In view of this firm legislative policy, the fact that civil cases were sent out for trial on July 7 eliminates any legal ground for refusing to send out defendants' case for trial in one of the department in the civil pool. (See People v. Tahtinen (1958) 50 Cal.2d 127, 132, 323 P.2d 442; People v. Echols (1954) 125 Cal.App.2d 810, 271 P.2d 595, disapproved on another point in People v. Wilson (1963) 60 Cal.2d 139, 152, 32 Cal.Rptr. 44, 383 P.2d 452.)

The declaration filed in this court by the deputy district attorney indicates that he believed that the last provision of subdivision 2 of section 1382 allowed 10 additional days from July 7, (rather than from June 23) within which to try the case. No case has been cited for that interpretation and nothing in the statute itself will support such a reading.

The statute provides that an action need not be dismissed if it is set for trial beyond the 60 day period with the consent of the defendant and if defendant is brought to trial within 10 days thereafter. The word ‘thereafter’ refers back to the date the case was set with the defendant's consent. In the case at bench that 10 day period started to run not later than June 24. Any further delay could be justified only by a finding of good cause.

Prior to the 1959 amendment (which first added the 10 days provision to section 1382) a defendant who had waived his right to trial within 60 days was entitled to go to trial on the last day of the extension to which he had consented, unless the prosecution showed good cause. (See Malengo v. Municipal Court (1961) 56 Cal.2d 813, 815, 17 Cal.Rptr. 10, 366 P.2d 453; In re Lopez (1952) 39 Cal.2d 118, 120, 245 P.2d 1; Witkin, Cal.Crim.Proc., s 317, p. 311.)

The effect of the 1959 amendment is to allow a 10 day grace period for bringing the case to trial after the last day to which a defendant has consented. It does not start a new grace period following a postponement made over the defendant's objection.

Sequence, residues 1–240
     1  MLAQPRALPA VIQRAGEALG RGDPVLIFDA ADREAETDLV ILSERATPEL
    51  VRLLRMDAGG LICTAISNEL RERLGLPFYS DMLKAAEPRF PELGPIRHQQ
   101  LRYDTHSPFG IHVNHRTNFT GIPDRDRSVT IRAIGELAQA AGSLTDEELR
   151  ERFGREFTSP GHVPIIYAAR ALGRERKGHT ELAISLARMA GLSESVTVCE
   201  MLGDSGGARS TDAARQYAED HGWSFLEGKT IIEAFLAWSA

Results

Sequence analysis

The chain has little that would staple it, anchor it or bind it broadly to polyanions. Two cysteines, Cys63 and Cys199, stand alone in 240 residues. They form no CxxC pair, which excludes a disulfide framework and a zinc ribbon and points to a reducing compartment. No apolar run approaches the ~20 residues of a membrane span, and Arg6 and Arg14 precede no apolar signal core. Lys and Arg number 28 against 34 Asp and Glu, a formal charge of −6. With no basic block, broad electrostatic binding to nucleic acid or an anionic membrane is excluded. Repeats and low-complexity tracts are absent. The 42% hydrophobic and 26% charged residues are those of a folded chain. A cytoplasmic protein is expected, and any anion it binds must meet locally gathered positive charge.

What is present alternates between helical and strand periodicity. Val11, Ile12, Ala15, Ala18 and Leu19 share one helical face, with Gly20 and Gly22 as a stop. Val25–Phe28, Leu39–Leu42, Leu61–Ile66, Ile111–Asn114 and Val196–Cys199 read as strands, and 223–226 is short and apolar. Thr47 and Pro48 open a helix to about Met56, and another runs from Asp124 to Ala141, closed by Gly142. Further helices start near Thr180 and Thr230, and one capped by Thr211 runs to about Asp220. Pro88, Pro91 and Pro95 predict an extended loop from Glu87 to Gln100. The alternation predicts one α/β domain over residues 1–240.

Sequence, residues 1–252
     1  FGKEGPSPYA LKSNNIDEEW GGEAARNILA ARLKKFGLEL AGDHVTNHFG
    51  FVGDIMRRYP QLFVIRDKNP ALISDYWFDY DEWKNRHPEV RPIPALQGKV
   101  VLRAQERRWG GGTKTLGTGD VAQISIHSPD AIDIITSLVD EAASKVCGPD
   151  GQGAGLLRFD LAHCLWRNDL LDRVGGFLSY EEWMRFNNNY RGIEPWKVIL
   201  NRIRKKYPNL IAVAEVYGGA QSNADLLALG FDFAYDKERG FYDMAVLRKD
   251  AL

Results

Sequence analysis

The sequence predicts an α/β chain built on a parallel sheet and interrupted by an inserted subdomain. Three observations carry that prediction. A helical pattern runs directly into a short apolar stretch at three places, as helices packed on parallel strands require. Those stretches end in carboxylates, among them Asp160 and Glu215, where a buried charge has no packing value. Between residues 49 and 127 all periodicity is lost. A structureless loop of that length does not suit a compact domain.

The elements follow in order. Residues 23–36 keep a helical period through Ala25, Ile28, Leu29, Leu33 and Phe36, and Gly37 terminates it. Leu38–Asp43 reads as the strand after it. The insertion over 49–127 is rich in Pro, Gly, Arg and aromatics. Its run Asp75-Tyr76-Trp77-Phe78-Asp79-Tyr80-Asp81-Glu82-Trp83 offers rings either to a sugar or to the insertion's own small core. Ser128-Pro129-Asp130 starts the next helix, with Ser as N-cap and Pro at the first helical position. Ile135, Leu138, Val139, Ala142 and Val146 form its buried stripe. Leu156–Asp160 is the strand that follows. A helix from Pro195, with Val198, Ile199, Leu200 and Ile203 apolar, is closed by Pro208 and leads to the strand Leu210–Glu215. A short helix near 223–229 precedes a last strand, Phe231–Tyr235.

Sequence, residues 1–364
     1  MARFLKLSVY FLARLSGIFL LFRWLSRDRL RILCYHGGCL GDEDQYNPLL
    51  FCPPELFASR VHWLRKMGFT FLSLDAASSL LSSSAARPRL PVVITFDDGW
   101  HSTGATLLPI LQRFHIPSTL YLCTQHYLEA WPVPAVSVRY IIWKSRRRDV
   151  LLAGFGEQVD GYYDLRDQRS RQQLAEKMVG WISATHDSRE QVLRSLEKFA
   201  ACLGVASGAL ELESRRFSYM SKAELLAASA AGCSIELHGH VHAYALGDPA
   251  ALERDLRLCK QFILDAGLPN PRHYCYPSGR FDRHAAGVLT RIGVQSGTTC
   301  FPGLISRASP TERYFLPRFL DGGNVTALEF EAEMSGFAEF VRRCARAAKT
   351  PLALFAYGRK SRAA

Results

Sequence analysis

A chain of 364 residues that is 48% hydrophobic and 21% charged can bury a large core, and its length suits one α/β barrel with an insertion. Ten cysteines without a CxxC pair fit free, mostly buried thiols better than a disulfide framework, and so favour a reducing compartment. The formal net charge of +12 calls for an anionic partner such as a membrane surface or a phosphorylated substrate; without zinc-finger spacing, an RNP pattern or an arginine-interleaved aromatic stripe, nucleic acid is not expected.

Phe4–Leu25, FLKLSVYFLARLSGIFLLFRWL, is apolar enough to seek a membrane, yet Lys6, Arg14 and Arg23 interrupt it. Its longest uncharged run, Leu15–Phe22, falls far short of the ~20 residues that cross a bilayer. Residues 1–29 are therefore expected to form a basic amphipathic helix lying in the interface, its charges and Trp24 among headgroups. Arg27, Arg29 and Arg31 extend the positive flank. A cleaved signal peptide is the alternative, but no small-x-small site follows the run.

This court is obliged to grant a writ to enforce defendants' right to the dismissals which they requested on July 19, even though the superior court was prepared to start the trial immediately following the denial of the motions to dismiss. In People v. Clark (1965) 62 Cal.2d 870, the opinion shows (at p. 878), 44 Cal.Rptr. 784, 402 P.2d 856 that the trial commenced immediately following the denial of the motions to dismiss made by two of the defendants. The Supreme Court declared (at p. 886, 44 Cal.Rptr. 784, 402 P.2d 856) that the motions should have been granted, and on remand of the case (because of reversal on other grounds) the two defendants who had made the motions were entitled to an immediate dismissal.

We are mindful of the language of the Supreme Court in People v. Wilson (1963) 60 Cal.2d 139, 145, footnote 3, 32 Cal.Rptr. 44, 48, 383 P.2d 452, 456, pointing out that a defendant may lose his right to a dismissal by unreasonable delay in making the motion. There the motion had been made on the 61st day after the last day on which defendant had consented to be tried. The Supreme Court said:

‘Such tardiness in moving to dismiss appears unreasonable and should not be encouraged. On the contrary, it does not seem unfair to require the defendant in such cases to move for dismissal (if he desires to do so) As soon as is reasonably possible after the expiration of the allowable delay—rather than to permit him to wait until just before trial, by which time prospective jurors may be assembled, the witnesses subpoenaed and in attendance, and the proceedings ready to begin.’ (Emphasis in original.)

In the case at bench, after the superior court had failed to commence the trial on Friday, July 7, defendants were entitled to make a motion to dismiss on Monday, July 10. We are aware that defendants have argued here that they were entitled to a dismissal much earlier than that, but the trial court and the prosecution insisted that there was good cause for postponing the trial to July 7, and thus they are in no position to claim any advantage from defendants' failure to move until after that date. The motions to dismiss were made on July 19. The People have not asserted in the trial court or here that this delay after July 10 was unreasonable, or that anyone suffered the kind of prejudice referred to in the Wilson footnote quoted above.

Since the case was not brought to trial within the time allowed by law, section 1382 made it the duty of the superior court to grant the defendants' motions to dismiss.

Let a writ of mandate issue requiring the superior court to dismiss the indictment as to each of the petitioners.

FILES, Presiding Justice.

JEFFERSON and DUNN, JJ., concur.